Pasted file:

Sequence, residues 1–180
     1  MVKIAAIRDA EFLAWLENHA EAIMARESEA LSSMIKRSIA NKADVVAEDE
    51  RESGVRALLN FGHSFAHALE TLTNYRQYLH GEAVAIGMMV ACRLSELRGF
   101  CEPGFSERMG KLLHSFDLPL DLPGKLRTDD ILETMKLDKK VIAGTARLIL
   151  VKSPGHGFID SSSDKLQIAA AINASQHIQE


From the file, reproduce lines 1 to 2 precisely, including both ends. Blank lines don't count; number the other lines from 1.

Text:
Sequence, residues 1–180
     1  MVKIAAIRDA EFLAWLENHA EAIMARESEA LSSMIKRSIA NKADVVAEDE